As part of her efforts, Nerney contacted Frederic C. Howe, the chairman of the National Board of Review’s Executive Committee, to request that the Board take a stance against The Birth of a Nation. Considering that the NAACP and the National Board of Review shared office space at 70 Fifth Avenue, it’s possible that this interaction happened in person, within the building itself. Howe agreed with Nerney’s assessment, fearing that the film would cause “race riots” in the South. Receiving the NAACP’s formal objection to the film, the Board decided to overturn its Review Committee’s original decision, and requested that the General Committee conduct a rescreening to review the film more closely. The General Committee proceeded to “pass the first half of the picture subject to minor changes,” and condemn parts of the second half that “might create race hatred and prejudice.” Although Howe and a number of other members of the National Board of Review supported the NAACP’s campaign, one of its most influential leaders, W.D. McGuire, did not, and continued to facilitate its distribution. This created a division in the organization, and following the events surrounding The Birth of a Nation, some of the Board’s more progressive members decided to leave.
Strikingly, a letter from Henry Street Settlement-founder Lillian Wald to May Childs Nerney held at the Library of Congress reveals that Wald was involved in planning a protest of the The Birth of a Nation, further illuminating how connected the NAACP was with other important figures and organizations in our neighborhoods.
Over its next years at 70 Fifth Avenue, the NAACP continued to confront lynchings and race-based violence; discrimination in voting, housing, and employment; and the proliferation of demeaning, derogatory, and dehumanizing representations of Black Americans in the media. While here, the organization challenged the newly-instituted segregation within the federal government; began harnessing the power of litigation that would culminate in the 1954 Brown vs. Board of Education Supreme Court decision; established an anti-lynching fund and brought national attention to the oft-overlooked crime of lynching; pushed anti-lynching legislation approved by the House of Representatives; organized the Silent Protest Parade down Fifth Avenue, the first protest of its kind in New York City; and so much more.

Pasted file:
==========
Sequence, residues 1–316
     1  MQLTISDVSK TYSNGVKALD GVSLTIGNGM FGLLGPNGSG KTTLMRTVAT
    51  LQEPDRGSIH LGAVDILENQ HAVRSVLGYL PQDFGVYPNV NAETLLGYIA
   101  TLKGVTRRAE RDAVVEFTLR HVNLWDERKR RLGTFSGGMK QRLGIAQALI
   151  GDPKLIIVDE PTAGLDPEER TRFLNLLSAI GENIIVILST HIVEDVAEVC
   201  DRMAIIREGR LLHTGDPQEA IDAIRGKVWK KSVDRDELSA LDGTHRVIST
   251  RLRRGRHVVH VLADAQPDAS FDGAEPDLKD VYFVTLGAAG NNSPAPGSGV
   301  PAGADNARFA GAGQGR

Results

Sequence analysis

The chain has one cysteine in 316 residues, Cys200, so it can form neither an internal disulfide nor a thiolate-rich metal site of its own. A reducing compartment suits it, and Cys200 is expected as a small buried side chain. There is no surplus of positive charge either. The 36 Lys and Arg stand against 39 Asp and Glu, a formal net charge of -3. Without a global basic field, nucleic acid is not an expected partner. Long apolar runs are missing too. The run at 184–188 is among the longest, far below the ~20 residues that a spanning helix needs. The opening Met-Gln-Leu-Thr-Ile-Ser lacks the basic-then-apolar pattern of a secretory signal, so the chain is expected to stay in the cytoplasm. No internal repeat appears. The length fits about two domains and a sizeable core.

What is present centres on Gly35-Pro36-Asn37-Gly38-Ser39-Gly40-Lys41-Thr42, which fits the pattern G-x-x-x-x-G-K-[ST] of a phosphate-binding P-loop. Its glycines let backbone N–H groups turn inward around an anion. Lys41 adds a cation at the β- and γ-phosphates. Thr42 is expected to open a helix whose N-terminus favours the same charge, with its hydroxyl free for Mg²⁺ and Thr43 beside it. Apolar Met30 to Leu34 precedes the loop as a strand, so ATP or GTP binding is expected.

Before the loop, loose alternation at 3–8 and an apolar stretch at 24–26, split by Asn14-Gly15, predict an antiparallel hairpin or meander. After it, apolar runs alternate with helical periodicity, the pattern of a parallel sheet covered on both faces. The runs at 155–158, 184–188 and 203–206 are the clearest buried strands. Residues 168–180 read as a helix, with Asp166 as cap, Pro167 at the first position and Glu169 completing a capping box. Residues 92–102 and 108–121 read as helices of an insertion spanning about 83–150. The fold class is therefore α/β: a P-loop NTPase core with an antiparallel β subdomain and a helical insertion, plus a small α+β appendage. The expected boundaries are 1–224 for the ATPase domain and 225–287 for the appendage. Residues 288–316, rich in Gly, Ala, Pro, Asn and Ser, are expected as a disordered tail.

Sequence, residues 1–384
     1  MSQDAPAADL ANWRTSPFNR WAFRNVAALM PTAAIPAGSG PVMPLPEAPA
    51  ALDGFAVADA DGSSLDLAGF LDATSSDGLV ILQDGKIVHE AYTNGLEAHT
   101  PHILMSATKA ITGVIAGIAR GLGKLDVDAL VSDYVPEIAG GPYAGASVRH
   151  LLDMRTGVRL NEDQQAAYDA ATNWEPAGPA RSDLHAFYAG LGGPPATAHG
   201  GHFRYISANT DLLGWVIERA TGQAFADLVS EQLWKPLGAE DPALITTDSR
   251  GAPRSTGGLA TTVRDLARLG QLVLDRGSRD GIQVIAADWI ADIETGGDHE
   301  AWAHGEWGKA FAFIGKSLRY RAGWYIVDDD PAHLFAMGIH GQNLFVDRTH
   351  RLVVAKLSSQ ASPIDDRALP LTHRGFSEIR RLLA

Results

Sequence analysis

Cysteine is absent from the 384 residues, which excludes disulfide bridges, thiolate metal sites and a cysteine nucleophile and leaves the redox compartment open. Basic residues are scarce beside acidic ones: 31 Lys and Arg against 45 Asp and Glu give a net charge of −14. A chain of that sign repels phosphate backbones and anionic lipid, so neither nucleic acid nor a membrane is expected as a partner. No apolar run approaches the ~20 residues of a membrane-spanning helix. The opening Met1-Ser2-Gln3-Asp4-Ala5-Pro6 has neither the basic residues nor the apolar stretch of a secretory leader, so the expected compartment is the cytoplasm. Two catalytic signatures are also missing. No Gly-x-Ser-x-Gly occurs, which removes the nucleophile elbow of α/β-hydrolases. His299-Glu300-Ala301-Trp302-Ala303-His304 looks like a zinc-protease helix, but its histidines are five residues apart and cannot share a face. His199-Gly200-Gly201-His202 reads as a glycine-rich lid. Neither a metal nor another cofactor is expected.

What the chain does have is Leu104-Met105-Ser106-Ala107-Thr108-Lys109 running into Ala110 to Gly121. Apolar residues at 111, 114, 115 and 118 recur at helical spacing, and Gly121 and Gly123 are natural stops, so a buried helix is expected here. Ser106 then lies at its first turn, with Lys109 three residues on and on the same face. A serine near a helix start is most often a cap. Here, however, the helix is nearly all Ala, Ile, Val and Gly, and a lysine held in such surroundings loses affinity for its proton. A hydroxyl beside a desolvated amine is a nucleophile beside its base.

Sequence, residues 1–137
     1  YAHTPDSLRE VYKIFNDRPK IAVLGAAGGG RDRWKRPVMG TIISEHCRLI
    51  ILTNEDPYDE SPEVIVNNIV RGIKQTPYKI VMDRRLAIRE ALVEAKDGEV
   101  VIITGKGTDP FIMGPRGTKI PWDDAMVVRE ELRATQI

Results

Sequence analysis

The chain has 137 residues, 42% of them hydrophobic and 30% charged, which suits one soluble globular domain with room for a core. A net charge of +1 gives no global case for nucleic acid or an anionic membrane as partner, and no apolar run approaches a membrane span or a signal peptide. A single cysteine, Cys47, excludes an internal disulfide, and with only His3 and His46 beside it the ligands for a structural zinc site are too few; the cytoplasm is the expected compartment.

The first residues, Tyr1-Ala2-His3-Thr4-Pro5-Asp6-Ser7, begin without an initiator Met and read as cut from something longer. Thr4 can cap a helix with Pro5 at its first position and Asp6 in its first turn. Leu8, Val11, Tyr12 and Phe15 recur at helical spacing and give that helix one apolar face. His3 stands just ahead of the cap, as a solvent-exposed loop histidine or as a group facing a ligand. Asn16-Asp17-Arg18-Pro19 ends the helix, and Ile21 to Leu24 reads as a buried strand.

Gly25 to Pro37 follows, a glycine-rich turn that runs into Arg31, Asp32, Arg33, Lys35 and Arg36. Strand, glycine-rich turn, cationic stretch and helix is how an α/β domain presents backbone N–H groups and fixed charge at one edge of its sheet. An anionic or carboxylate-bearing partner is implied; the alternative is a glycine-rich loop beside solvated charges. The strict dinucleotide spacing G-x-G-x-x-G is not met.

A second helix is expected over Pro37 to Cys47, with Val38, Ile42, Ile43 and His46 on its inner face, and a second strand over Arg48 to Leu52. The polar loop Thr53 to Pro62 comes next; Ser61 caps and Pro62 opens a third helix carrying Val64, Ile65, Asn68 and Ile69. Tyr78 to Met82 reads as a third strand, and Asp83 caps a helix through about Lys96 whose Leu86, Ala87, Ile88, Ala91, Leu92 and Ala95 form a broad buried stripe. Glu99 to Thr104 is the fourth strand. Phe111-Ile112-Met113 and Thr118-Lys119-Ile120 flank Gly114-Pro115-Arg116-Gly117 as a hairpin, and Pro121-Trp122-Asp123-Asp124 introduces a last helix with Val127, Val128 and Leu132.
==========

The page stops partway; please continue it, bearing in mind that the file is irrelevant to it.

Without a doubt, the NAACP and National Board of Review’s shared history is inextricably linked to 70 Fifth Avenue and the neighborhood south of Union Square. To learn more about the two organizations and the campaign against The Birth of a Nation, check out the recording of our program “The National Board of Review of Motion Pictures, and Cinema below 14th Street” featuring Jennifer Fronc, or read Fronc’s book Monitoring the Movies: The Fight over Film Censorship in Early Twentieth-Century Urban America.
70 Fifth Avenue is just one of many sites we have identified as part of the film, civil rights, and African American history of the neighborhood South of Union Square. Check out our South of Union Square” Film History Tour, African American History Tour, and Civil Rights and Social Justice Tour to learn more about the extraordinary people and places we have documented in this historic neighborhood. Here you will find a trailblazing labor organization at 80 Fifth Avenue, the New York City Woman Suffrage League at 10 East 14th Street, and much more: